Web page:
Greece Is the Word
Have a taste for revani? Loukoumades? Psaronefri? “You’ve never had Greek food like this, very individualized items,” says Toni Di Meola about the food at her two-week-old Mythos (2030-32 W. Montrose Ave.; 773-334-2000). She and Vicky Zervas—her sister and partner—were born and raised in Athens and they hand-squeeze every lemon and use herbs carried back from Greece by their mother. But the sisters are most proud of the deep fryer that they have never used. “It came with the property, but we pan fry or sauté everything in extra virgin olive oil,” says Di Meola. “We don’t want the smell of the grease.”
BTW: Revani is a semolina flour cake made with 16 eggs; loukoumades are puff balls sprinkled with cinnamon and drizzled with honey; and psaronefri is charcoal-broiled pork tenderloin served with homemade mustard sauce. And the place is BYO.
How to Build a Better Cupcake
“Opened on December 7th and we’ve had a lot of return customers already. Even people who come in two or three times in the same day,” says John Nicolaides, the owner of Molly’s Cupcakes (2536 N. Clark St.; 773-883-7220). That’s amazing. What’s up with these cupcakes? For starters, Molly’s standard-size cupcake is only two bucks and, according to Nicolaides, they are supermoist. But, even better, Molly’s has got a shtick that’s new to the cupcake game: Build your own. You pick a cake flavor from four—chocolate, vanilla, red velvet, carrot—and then choose the frosting and add toppings. Sounds way more fun than a salad bar.
Meet the Neighbors
You know a neighborhood has arrived when it boasts a wine boutique. Enter Amy Garman and South Loop Wine Cellar (1442 S. Michigan Ave.; 312-356-0630). The one-month-old, 1,200-square-foot space is Garman’s pride and joy. “I don’t mind tooting my own horn,” she says. “It’s a warm, inviting space with the original raw-brick walls and warm colors on the stained concrete floor.” Garman carries between 150 to 175 bottles at any one time and loves how the community supports local businesses. She thinks, in her case, customers come back because she remembers their names and the wines they buy. Superstores be damned: There’s nothing like the personal touch.
“Roquefort should be eaten on one’s knees.” –Alexandre Balthazar Laurent Grimod de la Reynière (1758-1837), French lawyer, writer, and gastronome
Pollack Scouts Two New Spots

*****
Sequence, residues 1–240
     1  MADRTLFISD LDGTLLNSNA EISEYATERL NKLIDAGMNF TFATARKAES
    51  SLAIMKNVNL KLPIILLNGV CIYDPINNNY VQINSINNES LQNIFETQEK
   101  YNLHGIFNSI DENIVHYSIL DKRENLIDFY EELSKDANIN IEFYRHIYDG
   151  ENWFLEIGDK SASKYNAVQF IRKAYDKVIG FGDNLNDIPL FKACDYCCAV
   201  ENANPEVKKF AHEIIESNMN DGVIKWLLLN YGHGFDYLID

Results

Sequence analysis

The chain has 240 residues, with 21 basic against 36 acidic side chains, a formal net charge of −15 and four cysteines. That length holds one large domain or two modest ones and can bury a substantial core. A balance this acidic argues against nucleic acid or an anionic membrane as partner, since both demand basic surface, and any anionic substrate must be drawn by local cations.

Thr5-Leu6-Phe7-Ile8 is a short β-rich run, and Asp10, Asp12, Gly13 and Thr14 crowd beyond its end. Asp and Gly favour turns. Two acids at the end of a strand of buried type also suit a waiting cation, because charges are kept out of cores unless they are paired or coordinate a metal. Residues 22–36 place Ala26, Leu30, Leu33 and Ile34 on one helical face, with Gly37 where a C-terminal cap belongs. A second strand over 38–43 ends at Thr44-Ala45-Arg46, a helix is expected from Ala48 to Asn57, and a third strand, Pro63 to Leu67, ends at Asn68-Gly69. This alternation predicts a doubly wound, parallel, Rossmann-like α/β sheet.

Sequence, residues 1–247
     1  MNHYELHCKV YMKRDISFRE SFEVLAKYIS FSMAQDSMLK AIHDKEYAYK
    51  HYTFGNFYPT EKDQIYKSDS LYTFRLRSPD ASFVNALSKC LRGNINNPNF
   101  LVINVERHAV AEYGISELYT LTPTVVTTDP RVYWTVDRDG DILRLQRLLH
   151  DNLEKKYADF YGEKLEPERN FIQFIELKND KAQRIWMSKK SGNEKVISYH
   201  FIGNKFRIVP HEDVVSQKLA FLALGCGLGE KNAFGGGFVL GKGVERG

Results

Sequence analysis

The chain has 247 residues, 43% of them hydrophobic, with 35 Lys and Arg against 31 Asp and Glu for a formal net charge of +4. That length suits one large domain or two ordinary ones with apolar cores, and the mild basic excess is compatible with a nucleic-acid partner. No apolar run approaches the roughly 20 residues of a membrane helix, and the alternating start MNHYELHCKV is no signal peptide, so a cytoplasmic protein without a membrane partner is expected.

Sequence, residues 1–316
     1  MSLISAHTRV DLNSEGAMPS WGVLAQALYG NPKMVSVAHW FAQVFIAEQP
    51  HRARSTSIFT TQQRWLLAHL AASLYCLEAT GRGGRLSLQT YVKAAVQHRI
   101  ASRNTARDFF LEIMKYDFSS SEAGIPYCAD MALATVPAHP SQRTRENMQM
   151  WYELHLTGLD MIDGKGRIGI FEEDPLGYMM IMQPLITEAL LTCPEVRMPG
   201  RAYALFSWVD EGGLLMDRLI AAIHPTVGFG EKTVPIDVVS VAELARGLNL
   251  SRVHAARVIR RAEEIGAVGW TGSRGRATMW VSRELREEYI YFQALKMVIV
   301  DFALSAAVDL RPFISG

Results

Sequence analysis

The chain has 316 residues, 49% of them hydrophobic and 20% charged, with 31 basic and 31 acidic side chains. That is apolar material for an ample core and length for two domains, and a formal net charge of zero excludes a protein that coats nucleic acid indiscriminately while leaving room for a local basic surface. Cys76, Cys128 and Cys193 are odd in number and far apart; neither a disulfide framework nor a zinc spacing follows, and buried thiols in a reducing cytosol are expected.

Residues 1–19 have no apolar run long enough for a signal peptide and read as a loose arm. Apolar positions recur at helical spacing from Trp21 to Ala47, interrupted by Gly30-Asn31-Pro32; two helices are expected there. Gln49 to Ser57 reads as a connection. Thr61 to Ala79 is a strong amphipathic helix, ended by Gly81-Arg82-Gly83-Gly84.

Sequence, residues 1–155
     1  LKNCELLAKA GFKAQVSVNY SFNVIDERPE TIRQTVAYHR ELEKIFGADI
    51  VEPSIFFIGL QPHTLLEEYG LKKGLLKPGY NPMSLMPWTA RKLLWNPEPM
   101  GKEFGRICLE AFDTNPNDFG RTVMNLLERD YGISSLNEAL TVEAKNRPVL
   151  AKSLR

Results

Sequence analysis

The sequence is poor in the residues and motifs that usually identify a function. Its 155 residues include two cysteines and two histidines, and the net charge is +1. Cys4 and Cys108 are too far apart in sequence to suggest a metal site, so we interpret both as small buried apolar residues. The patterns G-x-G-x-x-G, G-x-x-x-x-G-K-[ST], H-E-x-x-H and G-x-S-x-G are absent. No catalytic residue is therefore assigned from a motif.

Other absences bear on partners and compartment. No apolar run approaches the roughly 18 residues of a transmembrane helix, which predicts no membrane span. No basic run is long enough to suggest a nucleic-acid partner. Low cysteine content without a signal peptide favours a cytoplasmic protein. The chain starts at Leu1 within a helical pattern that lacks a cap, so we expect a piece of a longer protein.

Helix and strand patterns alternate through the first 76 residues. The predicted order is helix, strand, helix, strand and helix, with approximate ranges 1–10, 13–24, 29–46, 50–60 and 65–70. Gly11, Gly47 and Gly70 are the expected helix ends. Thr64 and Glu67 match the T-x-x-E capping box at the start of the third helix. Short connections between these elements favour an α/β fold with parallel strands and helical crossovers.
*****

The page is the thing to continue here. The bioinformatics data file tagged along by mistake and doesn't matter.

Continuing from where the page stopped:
Expensive and elegant in a supper-club way, the too-new-to-review Powerhouse (215 N. Clinton St.; 312-928-0800) could become the new darling of the let’s-eat-dinner-in-peace-and-quiet set. Granted, I dropped in late on a cold weeknight and the place was mostly empty, but how brilliant is this? The bar—that’s where the noise is—is in an entirely separate room, and the dining room is designed to be relaxing. What a concept. I didn’t order much, but what I had, I liked (romaine salad, sweet onion soup, scallops with bitter orange purée, and venison).
And just for the contrast, the next night I tried Frankie’s 5th Floor Pizzeria (900 N. Michigan Ave.; 312-266-2500). That’s Lettuce Entertain You Enterprise’s partial replacement of the almost departed Tucci Benucch. It’s also Rich Melman’s second bid in as many months to hop on the thin-crust pizza bandwagon—Pizzeria Via Stato opened in late October. I didn’t quite follow the concept here. Two kinds of pizza on the short casual menu: one called pizza, the other called Sardinian pizza. The “pizza” comes off as shy about its crust identity—it’s not quite the newly trendy Neapolitan, nor is it traditional Chicago thin style. It falls somewhere in the middle and therefore, despite its superfresh ingredients, doesn’t provide seminal pizza pleasure. Sardinian pizza, on the other hand, is so crisp as to almost be a flatbread. Tasty and fun, but more breadbasket fare than meal. But oh, how I loved the Italian salad, chock full of peppers, Parmesan, teardrop tomatoes, and my personal favorite, fennel. It’s hard to find a good salad. Thanks, Rich.
Things to Do:
1. Transport yourself to hog heaven at Cafe Ba-Ba-Reeba! (2024 N. Halsted St.; 773-935-5000) to experience Spain’s legendary Ibérico Pata Negra ham ($13.95 for two ounces). It’s a golden—and fleeting—opportunity to taste this rare, melt-in-your-mouth delicacy.
2. Watch Patrick Sheerin (The Signature Room at The 95th) exhibit his culinary abilities on December 15th at the Museum of Science and Industry (57th and Lake Shore Dr.; 773-684-1414), 10:30 to 11:15 a.m.; the demo is included with general admission.
3. Get into the holiday spirit with a European dancing turkey.
Dot Dot Dot . . .
Announcement: Richard Melman (LEYE) and chef Laurent Gras have settled on a name, L.20 (pronounced el-two-oh), and concept, modern high-end seafood, for the chi-chi spot to replace Ambria some time this spring (2300 N. Lincoln Park West). Aw, go ahead and read The Stew; Vettel did a fine job of slicing and dicing the press release. . . . Five-month contract? Brian Jupiter (Narcisse, Bella Lounge) has replaced Jeffrey Mauro as executive chef at La Pomme Rouge. . . . Speaking of apples: This week, Steve Chiappetti (Viand) heads to the Big Apple for a double-header. On the 13th, he’ll whip up his Stockyards Dinner at the James Beard House; the next day, he’ll school the Today crew in fun holiday finger food. . . . Opened: Local spot D.O.C. Wine Bar has spawned a second location in Lombard (326 Yorktown Center; 630-627-6666). . . . Coming attraction: The folks behind Lula Cafe will launch a new venture next year on South Halsted. No name yet, but they have a chef: Lula’s current sous-chef, Jason Vincent. . . . Apologies: Last week, in our item One Down, Two to Go, we mistakenly named Drew Niemeyer as Meritage’s chef. Troy Graves is the executive chef at Meritage, and Niemeyer was a cook there until this past August.
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